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The boy must part from Mosedale's groves,
And leave Blencathara's rugged coves,
And quit the Aowers that Summer brings
To Glenderamakin's lofty springs;
Must vanish, and his careless cheer
Be turned to heaviness and fear.
--Give Sir Lancelot Threlkeld praise ;
Hear it, good man, old in days !
Thou tree of covert and of rest
For this young bird that is distrest;
Among thy branches safe he lay,
And he was free to sport and play
When falcons were abroad for prey.
“A recreant harp, that sings of fear And heaviness in Clifford's ear! I said, when evil men are strong, No life is good, no pleasure long, A weak and cowardly untruth! Our Clifford was a happy youth, And thankful through a weary time, That brought him up to manhood's prime. - Again he wanders forth at will, And tends a flock from hill to hill : His garb is humble; ne'er was seen Such garb with such a noble mien ; Among the shepherd-grooms no mate
Hath he, a child of strength and state ! :
Yet lacks not friends for solemn glee,
And a cheerful company,
That learned of him submissive ways,
And comforted his private days.
To his side the fallow-deer
Came, and rested without fear;
The eagle, lord of land and sea,
Stooped down to pay him fealty ;
And both the undying fish that swim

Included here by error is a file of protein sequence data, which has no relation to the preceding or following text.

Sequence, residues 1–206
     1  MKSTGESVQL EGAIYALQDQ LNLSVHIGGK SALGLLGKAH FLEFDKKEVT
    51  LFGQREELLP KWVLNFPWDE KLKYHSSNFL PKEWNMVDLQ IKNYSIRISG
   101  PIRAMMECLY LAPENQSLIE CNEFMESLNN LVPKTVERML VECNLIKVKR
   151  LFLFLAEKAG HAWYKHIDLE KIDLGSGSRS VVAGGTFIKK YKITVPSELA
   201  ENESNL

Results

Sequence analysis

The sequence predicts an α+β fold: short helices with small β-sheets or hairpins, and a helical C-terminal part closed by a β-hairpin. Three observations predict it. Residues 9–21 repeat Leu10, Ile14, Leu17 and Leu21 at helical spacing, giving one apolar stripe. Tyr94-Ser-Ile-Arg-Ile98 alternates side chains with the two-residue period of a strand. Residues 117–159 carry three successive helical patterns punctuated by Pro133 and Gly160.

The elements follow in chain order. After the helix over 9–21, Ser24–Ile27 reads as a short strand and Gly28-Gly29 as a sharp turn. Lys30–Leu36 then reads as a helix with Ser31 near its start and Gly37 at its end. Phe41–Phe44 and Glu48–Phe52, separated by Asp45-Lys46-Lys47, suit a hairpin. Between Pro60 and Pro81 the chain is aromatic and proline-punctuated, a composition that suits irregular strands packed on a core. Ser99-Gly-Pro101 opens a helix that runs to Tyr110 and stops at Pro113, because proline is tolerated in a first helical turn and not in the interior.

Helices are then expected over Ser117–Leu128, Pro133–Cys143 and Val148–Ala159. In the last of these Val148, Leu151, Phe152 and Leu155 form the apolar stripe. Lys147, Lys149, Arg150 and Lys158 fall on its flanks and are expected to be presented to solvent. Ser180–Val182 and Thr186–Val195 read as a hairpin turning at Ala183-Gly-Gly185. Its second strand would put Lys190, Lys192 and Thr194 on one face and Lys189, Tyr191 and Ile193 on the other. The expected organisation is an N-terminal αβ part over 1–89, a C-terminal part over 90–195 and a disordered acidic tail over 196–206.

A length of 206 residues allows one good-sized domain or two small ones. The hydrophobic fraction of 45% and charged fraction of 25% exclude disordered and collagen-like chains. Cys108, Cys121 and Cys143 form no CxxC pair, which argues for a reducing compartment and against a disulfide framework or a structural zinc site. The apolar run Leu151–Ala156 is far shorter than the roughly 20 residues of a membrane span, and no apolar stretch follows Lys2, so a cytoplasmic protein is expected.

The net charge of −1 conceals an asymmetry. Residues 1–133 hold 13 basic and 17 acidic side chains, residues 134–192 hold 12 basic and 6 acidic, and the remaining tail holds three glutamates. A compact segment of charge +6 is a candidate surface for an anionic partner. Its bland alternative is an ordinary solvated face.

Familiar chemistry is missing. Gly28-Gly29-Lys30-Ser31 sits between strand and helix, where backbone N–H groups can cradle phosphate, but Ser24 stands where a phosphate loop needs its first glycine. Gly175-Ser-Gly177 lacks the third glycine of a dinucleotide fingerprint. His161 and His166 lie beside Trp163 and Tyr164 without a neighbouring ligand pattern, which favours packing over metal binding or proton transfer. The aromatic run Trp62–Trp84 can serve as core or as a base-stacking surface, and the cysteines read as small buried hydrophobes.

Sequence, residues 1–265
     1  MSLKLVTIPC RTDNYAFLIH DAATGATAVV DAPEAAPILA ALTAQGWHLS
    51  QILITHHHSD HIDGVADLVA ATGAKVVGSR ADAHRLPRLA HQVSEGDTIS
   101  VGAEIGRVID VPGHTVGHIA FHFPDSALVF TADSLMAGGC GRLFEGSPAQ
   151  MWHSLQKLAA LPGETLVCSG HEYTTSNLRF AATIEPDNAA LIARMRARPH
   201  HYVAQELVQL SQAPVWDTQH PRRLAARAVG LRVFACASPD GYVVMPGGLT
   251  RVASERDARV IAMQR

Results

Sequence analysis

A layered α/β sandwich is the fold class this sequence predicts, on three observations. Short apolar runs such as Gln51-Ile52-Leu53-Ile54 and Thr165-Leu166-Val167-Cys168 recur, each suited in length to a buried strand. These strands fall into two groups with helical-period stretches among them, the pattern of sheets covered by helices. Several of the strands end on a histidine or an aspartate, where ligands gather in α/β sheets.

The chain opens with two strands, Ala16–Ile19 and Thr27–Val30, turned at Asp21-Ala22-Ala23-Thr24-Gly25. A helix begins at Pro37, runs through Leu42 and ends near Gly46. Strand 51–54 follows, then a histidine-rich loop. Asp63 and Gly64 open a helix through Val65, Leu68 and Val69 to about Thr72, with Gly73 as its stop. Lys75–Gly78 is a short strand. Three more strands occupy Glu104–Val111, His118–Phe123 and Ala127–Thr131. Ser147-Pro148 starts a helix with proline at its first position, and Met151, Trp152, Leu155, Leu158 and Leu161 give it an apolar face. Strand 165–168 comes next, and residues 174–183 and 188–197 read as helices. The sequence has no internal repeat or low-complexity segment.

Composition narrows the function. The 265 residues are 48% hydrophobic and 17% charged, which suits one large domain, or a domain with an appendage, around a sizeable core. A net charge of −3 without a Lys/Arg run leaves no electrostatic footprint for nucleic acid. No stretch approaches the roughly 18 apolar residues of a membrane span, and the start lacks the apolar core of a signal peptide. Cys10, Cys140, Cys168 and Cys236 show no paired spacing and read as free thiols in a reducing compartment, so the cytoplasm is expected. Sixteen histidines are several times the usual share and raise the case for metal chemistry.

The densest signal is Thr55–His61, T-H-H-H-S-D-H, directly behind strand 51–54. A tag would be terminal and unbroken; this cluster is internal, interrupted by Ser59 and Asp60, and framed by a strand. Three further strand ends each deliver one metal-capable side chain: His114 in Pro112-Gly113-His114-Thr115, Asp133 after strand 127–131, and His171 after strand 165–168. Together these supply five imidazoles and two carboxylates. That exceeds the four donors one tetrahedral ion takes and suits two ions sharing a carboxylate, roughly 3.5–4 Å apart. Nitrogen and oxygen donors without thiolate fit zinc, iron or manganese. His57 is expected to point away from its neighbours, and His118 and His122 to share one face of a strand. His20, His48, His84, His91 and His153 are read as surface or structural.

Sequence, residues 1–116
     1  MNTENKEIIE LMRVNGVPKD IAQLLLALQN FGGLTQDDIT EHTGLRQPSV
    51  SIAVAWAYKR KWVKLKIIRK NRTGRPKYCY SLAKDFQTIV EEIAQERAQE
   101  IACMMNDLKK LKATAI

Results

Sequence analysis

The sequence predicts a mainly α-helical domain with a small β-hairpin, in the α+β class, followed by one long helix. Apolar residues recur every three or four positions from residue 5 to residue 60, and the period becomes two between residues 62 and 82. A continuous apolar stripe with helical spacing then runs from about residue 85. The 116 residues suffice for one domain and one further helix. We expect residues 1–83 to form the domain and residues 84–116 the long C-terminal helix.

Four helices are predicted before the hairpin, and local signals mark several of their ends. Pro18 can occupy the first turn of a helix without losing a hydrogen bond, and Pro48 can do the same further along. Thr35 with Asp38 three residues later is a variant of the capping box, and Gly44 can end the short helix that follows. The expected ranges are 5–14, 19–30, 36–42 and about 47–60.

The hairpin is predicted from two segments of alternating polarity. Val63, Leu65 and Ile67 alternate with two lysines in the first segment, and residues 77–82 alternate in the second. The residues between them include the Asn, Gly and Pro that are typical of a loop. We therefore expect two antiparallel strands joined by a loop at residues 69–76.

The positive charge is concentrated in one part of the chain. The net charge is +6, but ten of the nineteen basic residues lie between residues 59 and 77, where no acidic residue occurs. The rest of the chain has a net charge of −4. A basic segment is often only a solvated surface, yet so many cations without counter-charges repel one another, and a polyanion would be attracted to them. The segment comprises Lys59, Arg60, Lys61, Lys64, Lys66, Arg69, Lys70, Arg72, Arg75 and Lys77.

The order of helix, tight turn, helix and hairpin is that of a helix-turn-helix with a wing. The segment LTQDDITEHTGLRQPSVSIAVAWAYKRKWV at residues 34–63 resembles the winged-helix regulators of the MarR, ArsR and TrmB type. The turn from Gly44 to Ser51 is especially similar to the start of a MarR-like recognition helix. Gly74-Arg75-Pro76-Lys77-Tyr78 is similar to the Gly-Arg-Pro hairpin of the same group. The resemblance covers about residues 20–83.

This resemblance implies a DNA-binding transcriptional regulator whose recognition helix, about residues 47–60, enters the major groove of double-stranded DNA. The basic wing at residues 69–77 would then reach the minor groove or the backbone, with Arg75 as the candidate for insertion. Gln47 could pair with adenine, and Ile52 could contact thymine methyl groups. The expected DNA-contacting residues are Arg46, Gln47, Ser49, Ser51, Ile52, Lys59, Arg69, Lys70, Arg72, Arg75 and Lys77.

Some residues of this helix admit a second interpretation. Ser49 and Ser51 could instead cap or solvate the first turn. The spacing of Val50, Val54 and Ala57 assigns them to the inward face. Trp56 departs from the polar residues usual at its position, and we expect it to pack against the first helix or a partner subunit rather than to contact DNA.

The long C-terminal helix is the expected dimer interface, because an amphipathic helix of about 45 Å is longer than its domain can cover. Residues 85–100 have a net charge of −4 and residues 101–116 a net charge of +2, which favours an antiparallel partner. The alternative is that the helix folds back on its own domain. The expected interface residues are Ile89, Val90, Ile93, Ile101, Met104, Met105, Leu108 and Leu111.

Through Bowscale-Tarn did wait on him ;
The pair were servants of his eye
In their immortality ;
They moved about in open fight,
To and fro, for his delight.
He knew the rocks which angels haunt
On the mountains visitant;
He hath kenned them taking wing :
And the caves where fairies sing
He hath entered ; and been told
By voices how men lived of old.
Among the heavens his eye can see
Face of thing that is to be ;
And, if men report him right,
He can whisper words of might.
-Now another day is come,
Fitter hope and nobler doom :
He hath thrown aside his crook,
And hath buried deep his book ;
Armour rusting in his halls
On the blood of Clifford calls ;-
· Quell the Scot,' exclaims the Lance--
Bear me to the heart of France,
Is the longing of the Shield-
Tell thy name, thou trembling Field ;
Field of death, where'er thou be,
Groan thou with our victory!
Happy day, and mighty hour,
When our shepherd, in his power,
Mailed and horsed, with lance and sword,
To his ancestors restored,
Like a re-appearing star,
Like a glory from afar,
First shall head the Aock of war!”
Alas! the fervent harper did not know
That for a tranquil soul the lay was framed, Who, long compelled in humble walks to go,
Was softened into feeling, soothed, and tamed.
Love had he found in huts where poor men lie,
His daily teachers had been woods and rills, The silence that is in the starry sky,
The sleep that is among the lonely hills.